Friday, January 11, 2008

REFLECTIONS OF INDIA - GADGETS ON OUR RIDE
January 11, 2007 - between Bangalore and Hyderabad

AN 80-MILER. We bicycled 80 miles on this day last year to get to a busy little town that put us about 150 kilometers south of Hyderabad--the major Indian city that would be our second-weekend destination. It was one of those days when the town we were looking for was really much further than expected. "Only 20 kilometers to go" really meant 40 k further up the road in the sun, heat, dust, and honking trucks. We were over six hours in the saddle on our 13th day. But we arrived safely.

GADGETS FOR THE JOURNEY. We carried several gadgets on our bikes that heightened interest on the journey through India. Each North American rider had a cycle computer, which measures such things as current speed, average speed, distance for the day, total distance for the trek, rpms/cadence, duration of the ride, maximum speed for the day. I used a handlebar-mounted E-Trex GPS unit, which tabulates information like altitude, direction, and a hundred other interesting geo-positioning facts. Two of us carried binoculars. We took still photos and video footage each day. Bob Yardy make audio reports into a tiny digital voice machine. I listened to music and books on my iPod all along the route. And, of course, we and our Indian hosts all yacked on cell phones throughout the journey (there will be more cell phone customers in India than in the USA by the end of 2008!).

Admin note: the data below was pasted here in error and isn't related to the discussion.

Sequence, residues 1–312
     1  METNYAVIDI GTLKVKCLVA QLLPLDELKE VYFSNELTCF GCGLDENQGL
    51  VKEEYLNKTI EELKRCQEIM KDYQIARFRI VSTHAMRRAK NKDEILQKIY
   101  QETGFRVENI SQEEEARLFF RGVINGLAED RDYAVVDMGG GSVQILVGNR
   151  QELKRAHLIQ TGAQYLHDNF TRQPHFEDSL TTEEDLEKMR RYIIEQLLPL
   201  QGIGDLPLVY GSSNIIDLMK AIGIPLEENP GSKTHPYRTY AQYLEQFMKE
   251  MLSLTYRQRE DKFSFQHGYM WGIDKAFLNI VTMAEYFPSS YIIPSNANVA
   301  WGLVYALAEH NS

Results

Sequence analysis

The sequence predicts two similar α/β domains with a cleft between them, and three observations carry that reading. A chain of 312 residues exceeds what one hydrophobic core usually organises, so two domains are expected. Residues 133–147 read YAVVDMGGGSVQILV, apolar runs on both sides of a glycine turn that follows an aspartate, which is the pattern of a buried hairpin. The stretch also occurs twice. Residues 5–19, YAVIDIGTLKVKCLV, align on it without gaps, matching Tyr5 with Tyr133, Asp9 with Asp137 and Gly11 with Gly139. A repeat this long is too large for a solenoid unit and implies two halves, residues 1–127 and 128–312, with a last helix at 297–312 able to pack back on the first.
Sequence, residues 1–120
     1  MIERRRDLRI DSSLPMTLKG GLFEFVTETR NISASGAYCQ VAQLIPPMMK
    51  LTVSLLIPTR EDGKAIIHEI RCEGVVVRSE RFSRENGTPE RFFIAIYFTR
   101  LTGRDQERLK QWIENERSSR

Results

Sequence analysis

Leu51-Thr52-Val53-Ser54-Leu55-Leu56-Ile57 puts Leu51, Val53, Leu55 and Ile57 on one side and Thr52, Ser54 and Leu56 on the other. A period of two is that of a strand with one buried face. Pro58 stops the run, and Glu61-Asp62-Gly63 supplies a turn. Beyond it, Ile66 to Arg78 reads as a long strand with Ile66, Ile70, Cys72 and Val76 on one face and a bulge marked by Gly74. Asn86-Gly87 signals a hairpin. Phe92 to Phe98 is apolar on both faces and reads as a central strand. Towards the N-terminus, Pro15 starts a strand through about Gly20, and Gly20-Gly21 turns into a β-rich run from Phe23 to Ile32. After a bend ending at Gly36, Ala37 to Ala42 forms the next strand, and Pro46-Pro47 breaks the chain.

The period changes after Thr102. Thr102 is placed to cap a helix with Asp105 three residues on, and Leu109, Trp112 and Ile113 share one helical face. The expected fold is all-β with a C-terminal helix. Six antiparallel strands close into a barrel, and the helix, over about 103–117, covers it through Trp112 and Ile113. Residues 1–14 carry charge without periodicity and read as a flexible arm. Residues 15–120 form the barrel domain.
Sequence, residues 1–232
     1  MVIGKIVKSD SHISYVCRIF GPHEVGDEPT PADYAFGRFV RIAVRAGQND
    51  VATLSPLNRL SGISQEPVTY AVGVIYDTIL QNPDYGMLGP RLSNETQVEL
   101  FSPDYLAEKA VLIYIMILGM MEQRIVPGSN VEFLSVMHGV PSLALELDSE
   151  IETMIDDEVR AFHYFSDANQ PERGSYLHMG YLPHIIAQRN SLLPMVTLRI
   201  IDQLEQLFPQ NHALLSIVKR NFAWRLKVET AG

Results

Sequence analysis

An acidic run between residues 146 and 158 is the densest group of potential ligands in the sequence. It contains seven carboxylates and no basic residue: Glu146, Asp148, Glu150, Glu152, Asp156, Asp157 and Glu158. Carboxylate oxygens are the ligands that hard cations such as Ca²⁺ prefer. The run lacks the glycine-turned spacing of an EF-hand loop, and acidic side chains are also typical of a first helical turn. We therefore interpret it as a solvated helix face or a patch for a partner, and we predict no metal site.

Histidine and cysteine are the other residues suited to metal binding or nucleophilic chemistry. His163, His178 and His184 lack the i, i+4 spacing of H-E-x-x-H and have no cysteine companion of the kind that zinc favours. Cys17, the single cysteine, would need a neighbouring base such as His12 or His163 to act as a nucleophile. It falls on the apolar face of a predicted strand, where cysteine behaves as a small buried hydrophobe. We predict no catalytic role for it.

INTERNET POSTING. In addition, I would pull out my laptop computer each evening, make an entry, download photos from my camera and Joe's, put the entry and photos on a pin drive and head into the marketplace in search of an Internet cafe. I would post the entries and photos to our blog and check e-mail and news. Almost every town we stayed in had Internet access. Rarely was it high-speed access, but it was usable and useful.

NECESSARY OR HELPFUL? All this for a simple bike ride. Were any of these electronic gadgets necessary? No. Were they helpful? Yes. Our Indian hosts and the folks we encountered along the way must have thought we were crazy.

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